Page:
I’m sure you know people who winter south of Seabrook Island then visit here on their way north where they spend summers in cooler climate! In my case, my parents live in Florida during the winter but still summer in Maine. Since they retired 15 years ago, whether our home was in Massachusetts, New Jersey or now here, our home has been a stopping point “on-the-way” during their spring and fall migrations. There are several species of birds that do the same thing! But unlike my parents, they are harder to find and identify.
Located along the Atlantic Flyway, Seabrook Island is a perfect location for these migrants to rest and refuel before continuing their journey. This spring we’ve talked a great deal about the Red Knot, a special shorebird which travels nearly 10,000 miles each spring from it’s winter home at the tip of South America to breed in the tundra barrens on the Arctic Circle. But did you know there are a number of other species we only see if they happen to stop on our island during their migration north or south? Here are just a few examples you might be lucky enough to see. Most of them are long distant migrants, and like many other migrating songbirds from eastern North America, they fly across the Gulf of Mexico in a single nonstop journey.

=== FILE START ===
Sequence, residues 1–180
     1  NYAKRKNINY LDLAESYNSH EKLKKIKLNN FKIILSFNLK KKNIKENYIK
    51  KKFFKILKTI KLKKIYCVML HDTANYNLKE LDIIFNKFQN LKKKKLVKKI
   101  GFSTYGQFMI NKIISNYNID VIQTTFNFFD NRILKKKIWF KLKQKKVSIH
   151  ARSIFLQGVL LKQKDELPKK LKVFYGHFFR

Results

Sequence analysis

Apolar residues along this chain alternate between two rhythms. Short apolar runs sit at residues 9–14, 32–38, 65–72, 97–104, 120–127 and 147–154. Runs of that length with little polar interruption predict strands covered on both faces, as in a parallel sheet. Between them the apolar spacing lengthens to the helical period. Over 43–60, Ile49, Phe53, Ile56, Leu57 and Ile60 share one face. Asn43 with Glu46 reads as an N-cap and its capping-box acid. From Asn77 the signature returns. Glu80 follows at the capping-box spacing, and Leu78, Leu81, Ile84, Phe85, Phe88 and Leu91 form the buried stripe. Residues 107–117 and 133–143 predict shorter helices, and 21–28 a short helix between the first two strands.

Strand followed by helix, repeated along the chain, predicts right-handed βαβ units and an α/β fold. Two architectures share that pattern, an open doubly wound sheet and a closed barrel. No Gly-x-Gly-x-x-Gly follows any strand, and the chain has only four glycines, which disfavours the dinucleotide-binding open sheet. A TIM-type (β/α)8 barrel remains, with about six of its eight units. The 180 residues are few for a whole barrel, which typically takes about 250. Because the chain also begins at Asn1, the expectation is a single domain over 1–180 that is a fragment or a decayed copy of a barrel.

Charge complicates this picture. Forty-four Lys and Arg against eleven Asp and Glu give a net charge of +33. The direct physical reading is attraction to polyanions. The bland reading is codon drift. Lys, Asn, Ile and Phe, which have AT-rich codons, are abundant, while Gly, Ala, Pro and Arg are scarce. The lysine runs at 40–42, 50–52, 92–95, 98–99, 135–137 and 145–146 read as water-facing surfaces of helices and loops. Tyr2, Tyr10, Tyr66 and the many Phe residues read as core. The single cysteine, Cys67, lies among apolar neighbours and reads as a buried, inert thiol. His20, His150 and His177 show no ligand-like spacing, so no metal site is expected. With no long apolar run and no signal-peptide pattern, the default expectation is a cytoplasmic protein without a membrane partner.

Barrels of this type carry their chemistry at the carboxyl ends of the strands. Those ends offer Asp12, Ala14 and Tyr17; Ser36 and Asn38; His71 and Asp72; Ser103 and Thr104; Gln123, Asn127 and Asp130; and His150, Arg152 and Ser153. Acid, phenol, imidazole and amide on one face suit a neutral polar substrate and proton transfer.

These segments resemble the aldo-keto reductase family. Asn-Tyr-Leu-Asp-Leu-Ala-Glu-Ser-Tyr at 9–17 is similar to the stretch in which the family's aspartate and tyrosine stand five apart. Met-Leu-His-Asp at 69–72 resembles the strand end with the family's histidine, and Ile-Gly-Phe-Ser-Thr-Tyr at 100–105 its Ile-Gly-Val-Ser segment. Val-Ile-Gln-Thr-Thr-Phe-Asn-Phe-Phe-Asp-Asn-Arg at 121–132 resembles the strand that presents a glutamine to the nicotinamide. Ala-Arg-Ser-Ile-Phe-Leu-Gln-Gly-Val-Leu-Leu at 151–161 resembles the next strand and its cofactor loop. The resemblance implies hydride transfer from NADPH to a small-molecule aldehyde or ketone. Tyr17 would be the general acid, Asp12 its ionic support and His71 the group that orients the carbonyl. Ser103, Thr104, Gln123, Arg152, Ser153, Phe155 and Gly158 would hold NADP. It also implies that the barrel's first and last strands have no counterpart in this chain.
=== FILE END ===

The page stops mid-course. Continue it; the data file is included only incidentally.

Our first example is the Rose-breasted Grosbeak, the bird that stopped at our friend’s feeder on Kiawah Island last week. Check out the eBird Occurrence Map to see its migration and learn more about where this beautiful bird winters and breeds.
The Yellow Warbler has a pretty song that sounds like “sweet-sweet-sweet, sweeter-than-sweet” . It winters in Central American and northern South America and breeds across central and northern North America.
The Magnolia Warbler winters in Mexico, Central America, and West Indies and breeds in Northeast US and Canada. Check out this cool animated map showing predicted distribution and relative abundance across all 52 weeks of the year.
The Black-throated Blue Warbler is a striking bird. It winters in the Caribbean and migrates through Florida heading to breed in the deep forests of the northeastern US and southeastern Canada.
Our final example, the Ovenbird, is a another warbler and has a very distinguishing song that sounds like “teacher teacher teacher“. Those breeding east of the Appalachians overwinter in Florida and the Carribbean, while those breeding further west fly to Mexico and Central America.
Watch and listen for these birds here this spring, or if you are returning to the north for part of the summer, you just might see some during your migration.
If you are interested in learning more about the study of bird migration, you may want to read The New Migration Science on The Cornell Labs All About Birds website.
Article Submitted by Nancy Brown
Photos by Ed Konrad